Global plant stress signaling: reactive oxygen species at the cross-road

Sewelam, Nasser, Kazan, Kemal and Schenk, Peer M. (2016) Global plant stress signaling: reactive oxygen species at the cross-road. Frontiers in Plant Science, 7 FEB2016: . doi:10.3389/fpls.2016.00187

Author Sewelam, Nasser
Kazan, Kemal
Schenk, Peer M.
Title Global plant stress signaling: reactive oxygen species at the cross-road
Journal name Frontiers in Plant Science   Check publisher's open access policy
ISSN 1664-462X
Publication date 2016-02-23
Year available 2016
Sub-type Critical review of research, literature review, critical commentary
DOI 10.3389/fpls.2016.00187
Open Access Status DOI
Volume 7
Issue FEB2016
Total pages 21
Place of publication Lausanne, Switzerland
Publisher Frontiers Research Foundation
Language eng
Subject 1110 Plant Science
Abstract Current technologies have changed biology into a data-intensive field and significantly increased our understanding of signal transduction pathways in plants. However, global defense signaling networks in plants have not been established yet. Considering the apparent intricate nature of signaling mechanisms in plants (due to their sessile nature), studying the points at which different signaling pathways converge, rather than the branches, represents a good start to unravel global plant signaling networks. In this regard, growing evidence shows that the generation of reactive oxygen species (ROS) is one of the most common plant responses to different stresses, representing a point at which various signaling pathways come together. In this review, the complex nature of plant stress signaling networks will be discussed. An emphasis on different signaling players with a specific attention to ROS as the primary source of the signaling battery in plants will be presented. The interactions between ROS and other signaling components, e.g., calcium, redox homeostasis, membranes, G-proteins, MAPKs, plant hormones, and transcription factors will be assessed. A better understanding of the vital roles ROS are playing in plant signaling would help innovate new strategies to improve plant productivity under the circumstances of the increasing severity of environmental conditions and the high demand of food and energy worldwide.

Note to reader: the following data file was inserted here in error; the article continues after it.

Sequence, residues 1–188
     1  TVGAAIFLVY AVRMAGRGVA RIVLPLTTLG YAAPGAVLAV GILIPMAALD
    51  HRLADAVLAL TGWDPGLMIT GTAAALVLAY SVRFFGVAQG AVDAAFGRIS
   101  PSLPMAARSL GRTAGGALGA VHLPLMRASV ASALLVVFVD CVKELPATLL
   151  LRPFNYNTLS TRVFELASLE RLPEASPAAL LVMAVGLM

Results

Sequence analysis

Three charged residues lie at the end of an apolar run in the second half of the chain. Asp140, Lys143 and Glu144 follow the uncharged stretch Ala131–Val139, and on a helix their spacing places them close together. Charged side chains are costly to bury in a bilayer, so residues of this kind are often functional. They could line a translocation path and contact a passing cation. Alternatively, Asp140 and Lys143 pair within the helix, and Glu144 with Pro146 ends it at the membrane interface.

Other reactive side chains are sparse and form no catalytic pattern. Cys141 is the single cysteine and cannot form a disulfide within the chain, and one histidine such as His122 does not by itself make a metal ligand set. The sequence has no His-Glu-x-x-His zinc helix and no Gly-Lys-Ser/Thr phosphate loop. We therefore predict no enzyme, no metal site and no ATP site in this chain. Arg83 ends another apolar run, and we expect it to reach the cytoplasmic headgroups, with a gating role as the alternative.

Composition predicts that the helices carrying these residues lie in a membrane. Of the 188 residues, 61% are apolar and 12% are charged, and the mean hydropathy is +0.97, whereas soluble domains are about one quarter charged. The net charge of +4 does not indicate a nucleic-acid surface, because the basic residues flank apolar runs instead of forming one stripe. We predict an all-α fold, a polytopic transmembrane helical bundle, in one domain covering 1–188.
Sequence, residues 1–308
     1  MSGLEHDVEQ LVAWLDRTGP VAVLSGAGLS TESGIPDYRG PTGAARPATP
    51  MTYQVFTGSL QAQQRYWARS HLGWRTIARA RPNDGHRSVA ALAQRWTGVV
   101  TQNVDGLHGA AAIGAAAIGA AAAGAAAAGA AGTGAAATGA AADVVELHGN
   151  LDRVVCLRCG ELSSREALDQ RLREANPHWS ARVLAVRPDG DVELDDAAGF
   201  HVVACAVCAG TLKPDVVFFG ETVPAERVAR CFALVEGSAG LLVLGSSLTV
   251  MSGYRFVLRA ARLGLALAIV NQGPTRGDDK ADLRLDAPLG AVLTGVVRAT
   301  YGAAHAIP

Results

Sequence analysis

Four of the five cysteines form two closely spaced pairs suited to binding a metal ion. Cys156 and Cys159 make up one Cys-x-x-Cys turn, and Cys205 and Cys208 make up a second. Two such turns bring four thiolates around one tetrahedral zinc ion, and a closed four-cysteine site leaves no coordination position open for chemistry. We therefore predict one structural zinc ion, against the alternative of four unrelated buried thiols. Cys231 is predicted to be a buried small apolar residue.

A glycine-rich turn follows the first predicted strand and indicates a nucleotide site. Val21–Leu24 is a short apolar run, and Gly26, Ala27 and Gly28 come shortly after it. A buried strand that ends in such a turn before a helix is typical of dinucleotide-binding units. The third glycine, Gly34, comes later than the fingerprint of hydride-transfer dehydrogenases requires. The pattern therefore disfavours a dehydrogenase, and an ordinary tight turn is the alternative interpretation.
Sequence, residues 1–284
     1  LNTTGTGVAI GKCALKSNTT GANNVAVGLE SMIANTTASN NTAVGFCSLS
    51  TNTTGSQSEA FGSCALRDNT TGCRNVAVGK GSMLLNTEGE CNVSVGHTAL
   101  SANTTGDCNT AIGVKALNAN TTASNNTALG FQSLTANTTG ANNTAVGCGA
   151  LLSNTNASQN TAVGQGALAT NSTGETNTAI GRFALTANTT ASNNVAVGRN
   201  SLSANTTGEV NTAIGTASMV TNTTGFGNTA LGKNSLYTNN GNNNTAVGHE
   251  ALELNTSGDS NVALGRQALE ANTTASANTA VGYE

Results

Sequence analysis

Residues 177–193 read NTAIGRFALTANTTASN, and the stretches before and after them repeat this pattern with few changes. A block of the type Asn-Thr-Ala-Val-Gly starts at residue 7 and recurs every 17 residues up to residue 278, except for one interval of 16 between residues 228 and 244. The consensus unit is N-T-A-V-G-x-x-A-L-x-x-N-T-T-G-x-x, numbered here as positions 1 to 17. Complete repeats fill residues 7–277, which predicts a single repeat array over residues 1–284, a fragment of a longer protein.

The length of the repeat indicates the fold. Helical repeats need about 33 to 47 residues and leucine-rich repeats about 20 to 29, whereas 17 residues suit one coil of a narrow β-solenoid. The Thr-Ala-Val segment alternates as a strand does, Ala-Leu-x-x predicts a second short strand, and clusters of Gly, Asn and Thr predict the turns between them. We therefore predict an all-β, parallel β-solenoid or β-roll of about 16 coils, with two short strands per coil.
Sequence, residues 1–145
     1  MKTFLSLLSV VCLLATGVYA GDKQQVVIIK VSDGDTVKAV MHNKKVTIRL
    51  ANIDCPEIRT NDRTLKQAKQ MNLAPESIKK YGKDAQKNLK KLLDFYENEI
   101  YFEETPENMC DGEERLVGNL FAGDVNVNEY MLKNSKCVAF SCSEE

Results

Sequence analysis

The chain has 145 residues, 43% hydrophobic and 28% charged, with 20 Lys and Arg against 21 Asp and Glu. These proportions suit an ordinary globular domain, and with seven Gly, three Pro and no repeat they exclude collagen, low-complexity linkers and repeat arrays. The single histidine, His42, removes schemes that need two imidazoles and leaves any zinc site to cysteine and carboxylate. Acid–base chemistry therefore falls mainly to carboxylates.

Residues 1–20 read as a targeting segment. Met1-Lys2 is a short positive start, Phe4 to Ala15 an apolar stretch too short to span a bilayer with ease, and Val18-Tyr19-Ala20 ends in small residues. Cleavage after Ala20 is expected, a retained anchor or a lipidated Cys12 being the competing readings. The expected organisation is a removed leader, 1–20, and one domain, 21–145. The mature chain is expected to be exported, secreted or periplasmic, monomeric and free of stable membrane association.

Keyword Abiotic stress
Biotic stress
Oxidative stress
Plant defense
Plant stress signaling
Reactive oxygen species
Q-Index Code C1
Q-Index Status Provisional Code
Grant ID DP110104354
Institutional Status UQ

Document type: Journal Article
Sub-type: Critical review of research, literature review, critical commentary
Collections: HERDC Pre-Audit
School of Agriculture and Food Sciences
Queensland Alliance for Agriculture and Food Innovation
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Citation counts: TR Web of Science Citation Count  Cited 39 times in Thomson Reuters Web of Science Article | Citations
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